Please Wait....
Your Experience is being rendered.
Click the [Live] button if the Experience does not load in few moments.
Thrill Rides

  Thrill Ride Reviews
Reviews and photos of featured thrill rides at amusement parks around the globe.

StarFlyer StarFlyer
Viennese Prater, Austria
A traditional swing ride combined with the height of a tower make for a fantastic thrill ride, so long as you're not afraid of heights.
Delirium Delirium
Paramount's Kings Island
Take a spin on this powerful thrill ride as it spins madly while swinging back and forth reaching heights of up to 137 feet.
Tower of Terror Tower of Terror
Dreamworld, Austrailia
The tallest, fastest thrill ride in the Southern Hemisphere sends riders up a 38-story tower at speeds of up to 100 mph.
Supreme Scream Supreme Scream
Knott's Berry Farm
This awesome triple tower vertical thrill ride is one of the world's tallest freefall rides standing over 30 stories tall.
Freefall Freefall
Six Flags Magic Mountain
This first-generation freefall drops four riders eight stories reaching speeds of up to 55 mph.
Superman The Escape Superman The Escape
Six Flags Magic Mountain
The world's tallest shuttle roller coaster and the first thrill ride in the world to break the illusive 100 mph speed barrier.
VertiGo VertiGo
Cedar Point
This first-of-a-kind thrill ride lauches six passengers nearly 300 feet at speeds up to 50 mph.

Roller Coaster Riders Left Hanging

Power Outage Strands 12 Upside Down On The X-Coaster At Magic Springs

X-Coaster, stranded riders, Magic Springs, June 10, 2007

An amusement park visitor took this picture of the X-Coaster at Magic Springs when the ride froze, leaving 12 riders hanging upside down.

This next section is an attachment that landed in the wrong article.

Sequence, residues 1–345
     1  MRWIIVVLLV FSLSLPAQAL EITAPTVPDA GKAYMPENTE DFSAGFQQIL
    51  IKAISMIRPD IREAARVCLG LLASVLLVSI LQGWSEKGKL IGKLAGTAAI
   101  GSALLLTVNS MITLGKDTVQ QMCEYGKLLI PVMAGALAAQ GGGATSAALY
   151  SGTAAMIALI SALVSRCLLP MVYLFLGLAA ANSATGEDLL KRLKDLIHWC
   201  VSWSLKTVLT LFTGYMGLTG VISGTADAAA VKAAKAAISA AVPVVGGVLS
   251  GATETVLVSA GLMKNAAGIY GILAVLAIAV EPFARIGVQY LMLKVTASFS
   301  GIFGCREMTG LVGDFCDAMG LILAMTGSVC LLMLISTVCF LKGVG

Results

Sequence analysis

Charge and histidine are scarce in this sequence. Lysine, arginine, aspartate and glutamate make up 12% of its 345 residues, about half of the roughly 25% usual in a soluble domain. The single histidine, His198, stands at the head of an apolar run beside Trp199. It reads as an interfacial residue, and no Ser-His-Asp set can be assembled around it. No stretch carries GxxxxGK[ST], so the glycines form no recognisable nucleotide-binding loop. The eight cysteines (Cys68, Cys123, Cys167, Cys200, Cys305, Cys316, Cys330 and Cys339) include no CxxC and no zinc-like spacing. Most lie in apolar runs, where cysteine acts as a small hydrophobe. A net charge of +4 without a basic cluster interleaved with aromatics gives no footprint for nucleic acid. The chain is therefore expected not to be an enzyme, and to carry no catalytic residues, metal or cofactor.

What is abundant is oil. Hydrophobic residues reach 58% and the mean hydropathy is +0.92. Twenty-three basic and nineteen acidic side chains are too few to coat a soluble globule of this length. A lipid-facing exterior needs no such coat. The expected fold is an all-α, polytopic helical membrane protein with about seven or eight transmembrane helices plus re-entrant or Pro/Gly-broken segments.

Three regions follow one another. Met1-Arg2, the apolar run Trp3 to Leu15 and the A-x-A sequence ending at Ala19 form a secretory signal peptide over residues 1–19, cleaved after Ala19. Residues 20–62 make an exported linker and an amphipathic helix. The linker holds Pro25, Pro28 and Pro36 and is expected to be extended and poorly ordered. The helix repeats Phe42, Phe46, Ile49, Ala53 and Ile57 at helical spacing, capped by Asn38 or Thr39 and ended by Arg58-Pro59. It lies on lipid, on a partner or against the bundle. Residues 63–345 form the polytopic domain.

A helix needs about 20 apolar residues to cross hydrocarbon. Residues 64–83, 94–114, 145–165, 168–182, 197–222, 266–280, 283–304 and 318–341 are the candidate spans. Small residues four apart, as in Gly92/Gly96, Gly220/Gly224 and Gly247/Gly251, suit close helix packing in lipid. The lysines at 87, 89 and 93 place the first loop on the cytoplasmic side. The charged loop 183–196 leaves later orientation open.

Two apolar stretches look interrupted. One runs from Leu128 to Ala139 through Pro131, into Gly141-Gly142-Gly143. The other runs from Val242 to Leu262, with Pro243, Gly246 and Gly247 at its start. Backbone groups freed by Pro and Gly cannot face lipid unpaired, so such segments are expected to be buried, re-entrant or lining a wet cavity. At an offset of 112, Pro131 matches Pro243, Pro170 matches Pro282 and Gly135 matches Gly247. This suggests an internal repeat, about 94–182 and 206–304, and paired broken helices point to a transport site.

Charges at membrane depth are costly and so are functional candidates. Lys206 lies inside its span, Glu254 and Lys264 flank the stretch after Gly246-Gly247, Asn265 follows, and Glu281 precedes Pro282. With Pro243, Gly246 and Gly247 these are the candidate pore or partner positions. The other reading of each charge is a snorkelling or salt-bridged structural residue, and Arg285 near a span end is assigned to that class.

(AP) A dozen riders on an Arkansas roller coaster spent half an hour hanging upside down — 150 feet above the ground — after a power outage shut down the attraction.

It took about 30 minutes for the city Fire Department to rescue the riders using a ladder truck Saturday evening, said Aundrea Crary, spokeswoman for the Springs & Crystal Falls amusement park.

Spectators cheered when the riders were brought to the ground from the highest point of a loop on the X-Coaster, but one passenger threw up after reaching safety.

The X-Coaster was one of several rides brought to a halt by the outage that originated somewhere near the park.
"You could tell who got off the (X-Coaster) because their faces were red," said Angela Salter. She was riding the Gauntlet, another coaster, and said park employees worked quickly to free her.

The park resumed normal operations, although the X-Coaster remained closed.

One X-Coaster passenger, Jay Plummer, 37, was taken to St. Joseph Mercy Medical Center in Hot Springs after complaining of neck pain and a headache.

"It was very scary," said his girlfriend, Connie McBride. "I love the amusement park, but I will never get on the X-Coaster again."

The park has experienced outages before, but usually they last only seconds, said Dan Aylward, Magic Springs president and general manager.

Entergy Corp. was investigating but crews found no faulty wiring.

"The cause could be a (tree) limb or as simple as an animal (on the lines)," said Mark Hunt, general manager of customer service for Entergy. "We could find no faults, but we are going to continue to investigate until we find the cause."